Religious Leaders´ Pleas Fail to Block Human-Cloning Measure

Britain Becomes First Nation to OK Procedure

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LONDON, JAN. 23, 2001 (
Over staunch opposition from religious leaders, Britain´s House of Lords has backed new government rules allowing limited cloning of human embryos, thus making Great Britain the first country to legalize such a procedure.

The measure´s objective is to encourage research on stem cells, which are master cells that can develop into different cell types, such as blood, brain and bones. They offer the potential to treat diseases ranging from Parkinson´s, diabetes and cancers, to leukemia, hepatitis and stroke.

The House of Lords voted 212-92 for the legislation, after a seven-hour debate. The House of Commons approved the legislation 366-174 last month.

The law was squarely opposed by the country´s religious leaders. The Anglican Church, represented by the archbishop of Canterbury, joined forces with Catholic archbishops, the United Kingdom´s chief rabbi, and the president of the Islamic School, to impede the measure´s approval.

Independent peer Lord David Alton, a pro-life campaigner, released a letter from the Dalai Lama, the Tibetan spiritual leader; George Carey, the archbishop of Canterbury; and Jonathan Sacks, Britain´s chief rabbi, urging Parliament to set aside the laws.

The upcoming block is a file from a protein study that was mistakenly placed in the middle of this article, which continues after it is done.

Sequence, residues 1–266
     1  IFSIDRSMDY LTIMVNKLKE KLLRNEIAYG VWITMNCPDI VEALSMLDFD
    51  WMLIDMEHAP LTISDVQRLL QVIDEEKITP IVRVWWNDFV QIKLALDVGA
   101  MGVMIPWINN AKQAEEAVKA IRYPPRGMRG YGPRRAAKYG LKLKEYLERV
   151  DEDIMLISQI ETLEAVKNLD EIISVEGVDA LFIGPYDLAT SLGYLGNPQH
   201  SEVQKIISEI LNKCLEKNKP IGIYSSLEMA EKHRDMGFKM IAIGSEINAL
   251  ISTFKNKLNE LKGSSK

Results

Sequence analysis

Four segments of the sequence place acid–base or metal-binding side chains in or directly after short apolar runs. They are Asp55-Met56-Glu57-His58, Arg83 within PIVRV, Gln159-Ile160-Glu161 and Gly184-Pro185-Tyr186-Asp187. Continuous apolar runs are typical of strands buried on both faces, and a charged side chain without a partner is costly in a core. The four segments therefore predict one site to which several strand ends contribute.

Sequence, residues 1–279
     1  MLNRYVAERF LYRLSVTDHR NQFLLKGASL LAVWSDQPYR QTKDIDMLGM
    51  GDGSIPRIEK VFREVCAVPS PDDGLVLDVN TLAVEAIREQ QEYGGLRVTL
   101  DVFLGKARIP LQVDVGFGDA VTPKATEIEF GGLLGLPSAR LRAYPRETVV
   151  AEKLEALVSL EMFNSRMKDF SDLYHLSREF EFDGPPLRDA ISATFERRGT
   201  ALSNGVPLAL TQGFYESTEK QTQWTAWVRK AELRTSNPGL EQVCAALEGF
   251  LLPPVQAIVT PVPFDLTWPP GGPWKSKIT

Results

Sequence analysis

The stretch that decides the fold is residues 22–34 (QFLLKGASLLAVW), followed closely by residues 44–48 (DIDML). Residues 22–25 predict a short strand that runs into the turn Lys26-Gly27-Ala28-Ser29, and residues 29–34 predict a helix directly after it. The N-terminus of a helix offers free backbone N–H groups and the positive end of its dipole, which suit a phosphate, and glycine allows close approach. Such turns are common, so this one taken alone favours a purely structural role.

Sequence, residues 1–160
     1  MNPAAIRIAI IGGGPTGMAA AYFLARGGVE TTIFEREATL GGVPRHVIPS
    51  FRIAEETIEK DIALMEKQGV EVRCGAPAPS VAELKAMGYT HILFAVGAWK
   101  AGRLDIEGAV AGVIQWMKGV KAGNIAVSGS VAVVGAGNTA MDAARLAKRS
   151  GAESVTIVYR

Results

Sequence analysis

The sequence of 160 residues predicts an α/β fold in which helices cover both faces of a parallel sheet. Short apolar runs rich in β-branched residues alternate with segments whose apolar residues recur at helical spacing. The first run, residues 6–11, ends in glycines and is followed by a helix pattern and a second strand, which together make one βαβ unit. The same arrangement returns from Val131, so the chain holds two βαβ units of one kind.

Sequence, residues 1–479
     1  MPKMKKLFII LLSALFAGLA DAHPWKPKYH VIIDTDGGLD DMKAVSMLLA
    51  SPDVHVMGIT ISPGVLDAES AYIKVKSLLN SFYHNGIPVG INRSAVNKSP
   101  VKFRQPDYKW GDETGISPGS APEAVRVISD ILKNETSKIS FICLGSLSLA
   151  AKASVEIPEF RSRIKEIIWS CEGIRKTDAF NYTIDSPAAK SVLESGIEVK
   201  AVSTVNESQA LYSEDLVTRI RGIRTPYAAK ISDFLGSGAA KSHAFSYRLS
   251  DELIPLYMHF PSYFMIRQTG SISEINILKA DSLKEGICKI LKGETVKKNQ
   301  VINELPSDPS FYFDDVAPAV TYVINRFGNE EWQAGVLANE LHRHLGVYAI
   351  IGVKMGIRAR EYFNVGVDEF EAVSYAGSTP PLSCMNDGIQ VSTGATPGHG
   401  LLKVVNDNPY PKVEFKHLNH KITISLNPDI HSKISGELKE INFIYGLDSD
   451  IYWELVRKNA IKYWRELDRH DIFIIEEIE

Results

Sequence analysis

Alton said the government was railroading the order through Parliament without proper scrutiny, and proposed a motion that would freeze the legislation until a special committee had heard exhaustive evidence from experts.

«It is precisely because we need to consider these things in detail, that we shouldn´t be stampeded into making decisions,» he said.

Alton said there «are many strong ethical and scientific arguments, which may be deployed against cloning techniques, but we are also strongly at variance with international opinion.»

Alton´s amendment fell as the government of Prime Minister Tony Blair bought off opponents by promising to allow a committee of experts to scrutinize the ethics and science of the issue as long as the House of Lords voted the order through on the night.

Just hours before the debate, in a last call over BBC microphones, Catholic Archbishop Cormac Murphy-O´Connor said the government´s plans were alarming.

The new normative, which will enter into force Jan. 31, states that embryos used for research must be destroyed after 14 days. Some weeks ago, the European Parliament urged Britain to stop its plans.

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